Short Stories From 10 Years Ago – December 28, 2004

Short Stories From 10 Years Ago – December 28, 2004

Horse Crazy & Other Ramblings

Short Stories From 10 Years Ago – December 28, 2004 – I have loved horses all my life. When I was a little girl I used to imagine myself the proud owner of a farm where every unwanted horse would be safe and warm. Gradually my animal population would expand to include stray cats and dogs, injured birds, frogs and toads or any sad, unfortunate animal abandoned by its heartless owner.

But horses were the start of it all for me. I grew up in the country and I loved riding horses from a very young age. I was as adept at riding with a saddle as I was bareback. I preferred the latter and I stuck to a horse like a little burr. My legs gripping the horse’s sides, one hand on the reins and the other tangled in its mane. I was fearless. I’d fly over the ground, the wind in my hair and my heart pounding, experiencing the incredible feeling that happens at a full gallop, when I became one with the horse.

I watched every film about horses that came to our local theatres. I cried when they were hurt, I rejoiced when they jumped the corral gate and won their freedom and I mourned when the hero horse in the film lost its life. The tale of Black Beauty broke my heart. My mother used to say, “Bunny, it’s just a story”, but I’d have none of it. If Black Beauty was just a story, I knew there was a real life counterpart somewhere. I was heartbroken when I first heard about the rugged little mine ponies who spent their lives underground, only to be brought to the surface and shot when they finally went blind and had outlived their usefulness.

On my imaginary rescue farm they would have lived out their lives, rewarded with love and respect for their hard work. I used to weep for their little souls and rage at their hard-hearted owners. I’d say, “Mommie, why are people like that – how can they be so cruel”? Nothing she’d say would console me. I recently read a book that mentioned mine ponies, and I was surprised at the sharpness of my childhood memories and the anger I remember feeling at the unfairness of their sad lives.


In sharp contrast are my memories of the RCMP Musical Ride. I first saw it at the CNE when I was about eleven years old. The exquisite dark horses, prancing in unison, manes flying and tail snapping in annoyance or impatience. Their scarlet jacketed riders erect in the saddle, faces firm, lances at the ready. The beauty of the ride was breath taking for me and I clapped with such exuberance that my wrists hurts the next day. I had a brief image of myself as a RCMP police officer, but it didn’t last long. At the time were no women riders, and I’m not sure if there are any today. But I can still remember that day and how my heart was aflutter with excitement.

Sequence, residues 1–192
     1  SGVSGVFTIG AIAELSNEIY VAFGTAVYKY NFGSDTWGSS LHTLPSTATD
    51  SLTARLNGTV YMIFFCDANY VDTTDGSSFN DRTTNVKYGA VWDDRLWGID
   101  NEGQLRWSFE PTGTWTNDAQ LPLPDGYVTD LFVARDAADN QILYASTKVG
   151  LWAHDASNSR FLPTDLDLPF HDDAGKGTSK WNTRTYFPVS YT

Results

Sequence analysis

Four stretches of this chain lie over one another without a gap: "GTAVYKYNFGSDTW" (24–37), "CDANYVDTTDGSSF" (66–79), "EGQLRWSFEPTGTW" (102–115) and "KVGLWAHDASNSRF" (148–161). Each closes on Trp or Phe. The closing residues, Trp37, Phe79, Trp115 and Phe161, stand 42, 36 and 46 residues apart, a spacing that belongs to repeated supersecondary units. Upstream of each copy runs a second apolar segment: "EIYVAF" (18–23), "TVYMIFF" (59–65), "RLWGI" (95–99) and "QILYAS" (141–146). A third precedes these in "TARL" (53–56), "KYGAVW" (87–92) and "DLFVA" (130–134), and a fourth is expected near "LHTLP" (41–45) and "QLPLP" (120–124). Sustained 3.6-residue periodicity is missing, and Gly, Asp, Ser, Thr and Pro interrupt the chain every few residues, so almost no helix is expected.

I used to draw horses all the time. I had a big manilla envelope that housed all my treasures. I always drew on white letter  sized paper that my father had in his roll top desk. He’d give me a pad of it and I used a yellow HB pencil. Consequently my horses were always white with black mane and tail or the mirror opposite. I drew their heads, nostrils flaring – eyes wild, or the entire horse standing quietly, or rearing untamed on their hindquarters, their front legs punching the air in defiance. My horses were never haltered, tethered, saddled or being ridden.


They were free, strong, sleek and untouched by the hands of man. As a child that’s how I saw them and how I wanted them to be. I wish I still had some of the hundreds of horse pictures I drew when I was in public school. Not all, but some of them were very good. I just stopped writing for a moment and drew a rough sketch of a horse on a little, gold post-it note. It took me thirty seconds. Maybe this year I should get out my sketch pad as well as my sneakers. Who knows what might come of it?

I still ride when I get the chance, which isn’t often. I’m not as fearless as I was as a child. Back then I was kicked, bitten, leaned on, stomped on and thrown off and I still went back for more. I ate and slept horses. At a neighbour’s farm near my home I fed them, loved them, mucked out their stalls and threw their hay. Anything for the chance to ride – anything to be around the horses. My love for horses didn’t abate any as I grew into adulthood, but other priorities like a university education, followed by a career, took over my time. But I will never forget the intensity of my childhood passion for this beautiful animal.